Richard Coulson’s rejoinder to John Tomlinson

First Published: 2011-12-09

Mr. Tomlinson has given, as I expected, a vigorous rebuttal to my response to his Nassau Institute  presentation. I should make clear at the outset that I have never been associated with a typical commercial bank, so  I cannot be charged with any long-time professional  loyalty  to entrenched  banking practices. I am something of a gad-fly, all in favor of new approaches, but they must be realistic.

I agree with many of his points. Germany has shown it is not impervious to debt malaise. It’s quite true that banks in Canada, Australia and Brazil (and The Bahamas, for that matter)  have not suffered the catastrophic losses and required the bail-outs of US or European banks.

But why? Not because they adopted the extreme re-structuring solution proposed by Mr. Tomlinson. I believe those strong banks still hold plenty of loans. The difference  is that they are generally good loans, made with traditional l bankers’ prudence and subject to effective regulation. But in the US, and to a certain extent in Europe, prudence was replaced with greed and incompetence, and regulation was woefully lacking. These were serious failings with dreadful consequences, but gradually and painfully they can and will be corrected.

I do not think I showed any arrogance or sarcasm to Mr. Tomlinson, certainly not intentional , in trying to demonstrate  why his  re-structuring proposal, well-intended though it may be, simply will not work.

Consider the immediate consequences. Possibly as much as $4.7 billion of savings deposits  is to be withdrawn from our Bahamian banks for return to customers. How?  These deposits presently support loans – mortgages, personal car loans, home improvement loans, working capital loans, business expansion loans. Will the banks abruptly declare these loans to be  due and payable and call them for immediate re-payment? Economic chaos would result.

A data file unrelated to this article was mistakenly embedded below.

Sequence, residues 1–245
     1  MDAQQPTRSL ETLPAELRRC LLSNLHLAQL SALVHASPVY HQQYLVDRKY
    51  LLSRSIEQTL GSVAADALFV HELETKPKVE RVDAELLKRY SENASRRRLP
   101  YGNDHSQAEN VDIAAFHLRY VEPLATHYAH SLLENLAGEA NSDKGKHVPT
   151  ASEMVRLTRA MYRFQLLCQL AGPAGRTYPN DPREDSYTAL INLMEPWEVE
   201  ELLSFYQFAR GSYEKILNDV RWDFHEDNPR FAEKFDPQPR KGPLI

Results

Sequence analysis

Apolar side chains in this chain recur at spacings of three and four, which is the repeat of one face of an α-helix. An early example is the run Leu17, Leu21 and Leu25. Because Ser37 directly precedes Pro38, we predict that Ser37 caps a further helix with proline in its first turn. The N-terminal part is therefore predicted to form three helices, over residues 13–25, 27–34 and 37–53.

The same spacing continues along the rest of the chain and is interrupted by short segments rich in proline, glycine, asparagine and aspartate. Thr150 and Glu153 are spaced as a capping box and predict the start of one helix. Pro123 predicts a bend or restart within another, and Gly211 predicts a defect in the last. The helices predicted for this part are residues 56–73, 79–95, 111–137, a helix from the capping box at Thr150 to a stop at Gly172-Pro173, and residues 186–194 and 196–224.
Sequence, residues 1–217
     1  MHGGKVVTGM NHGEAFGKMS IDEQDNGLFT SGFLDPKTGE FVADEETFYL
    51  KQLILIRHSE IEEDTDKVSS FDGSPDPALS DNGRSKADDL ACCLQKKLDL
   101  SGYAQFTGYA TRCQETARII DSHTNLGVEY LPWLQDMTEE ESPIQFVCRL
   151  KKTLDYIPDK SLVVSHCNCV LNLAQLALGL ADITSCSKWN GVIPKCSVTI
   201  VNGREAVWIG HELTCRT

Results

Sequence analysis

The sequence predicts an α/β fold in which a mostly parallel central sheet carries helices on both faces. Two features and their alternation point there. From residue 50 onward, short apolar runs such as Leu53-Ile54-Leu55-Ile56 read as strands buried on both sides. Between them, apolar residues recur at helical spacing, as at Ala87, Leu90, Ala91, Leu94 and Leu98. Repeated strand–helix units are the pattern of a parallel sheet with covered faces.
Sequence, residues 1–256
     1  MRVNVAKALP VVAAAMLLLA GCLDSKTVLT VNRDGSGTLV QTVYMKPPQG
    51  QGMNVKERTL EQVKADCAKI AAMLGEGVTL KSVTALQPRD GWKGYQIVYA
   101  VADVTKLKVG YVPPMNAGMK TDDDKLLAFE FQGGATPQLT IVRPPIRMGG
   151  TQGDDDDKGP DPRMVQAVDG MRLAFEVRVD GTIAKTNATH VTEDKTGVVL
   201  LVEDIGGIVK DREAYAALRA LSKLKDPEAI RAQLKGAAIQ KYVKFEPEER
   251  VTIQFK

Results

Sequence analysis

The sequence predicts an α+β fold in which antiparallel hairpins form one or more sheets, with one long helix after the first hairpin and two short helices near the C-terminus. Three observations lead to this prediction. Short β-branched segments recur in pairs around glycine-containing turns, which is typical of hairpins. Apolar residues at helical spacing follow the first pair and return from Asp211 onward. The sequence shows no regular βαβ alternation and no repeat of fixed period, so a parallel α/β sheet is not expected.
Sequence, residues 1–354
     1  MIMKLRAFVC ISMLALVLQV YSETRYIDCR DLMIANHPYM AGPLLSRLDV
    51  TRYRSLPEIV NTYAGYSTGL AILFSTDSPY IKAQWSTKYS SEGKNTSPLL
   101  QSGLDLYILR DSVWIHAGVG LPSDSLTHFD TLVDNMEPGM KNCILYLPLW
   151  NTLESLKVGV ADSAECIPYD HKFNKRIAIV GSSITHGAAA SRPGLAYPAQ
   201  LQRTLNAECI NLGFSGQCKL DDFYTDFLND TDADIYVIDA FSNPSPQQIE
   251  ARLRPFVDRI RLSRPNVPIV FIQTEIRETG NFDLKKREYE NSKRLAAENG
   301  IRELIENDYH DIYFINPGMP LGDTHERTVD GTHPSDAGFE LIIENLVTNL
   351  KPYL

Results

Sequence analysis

And consider the consequences for the bank customers who suddenly get back  their savings deposits. Mr. Tomlinson says they will now be able to use the cash for investments freely chosen by them. That’s an admirable principle, but where in fact will they be able to invest? In our economy, only a small fraction of that $4.7 billion could find a home in equities that would be acceptable to the former savers. The vast majority of savers will simply seek something  similar to their interest-paying  deposits –  letting money sit idle  is hardly a realistic option. The alternative must inevitably be some form of money-market fund, which will in turn  face the same problem of where to invest. Government or corporate bonds or notes?- not enough. Commercial paper?- we don’t have any. Where else, if not right back into bank deposits?

If there is some flaw in my analysis, I would be delighted if Mr. Tomlinson could show it to me. It looks to me as if we are stuck with our traditional deposit-taking, lending institutions. Which will be fine if, as in Canada, they operate under old-fashioned, prudent  banking principles and tough regulation.

Finally, I comment on Mr. Tomlinson’s objection that a bank depositor loses “control” over his money. Is it any different if you subscribe equity shares in a company? The company can use your money any legal way it thinks fit. And it’s often harder to sell shares than withdraw a deposit, of which $50,000 are insured in The Bahamas.

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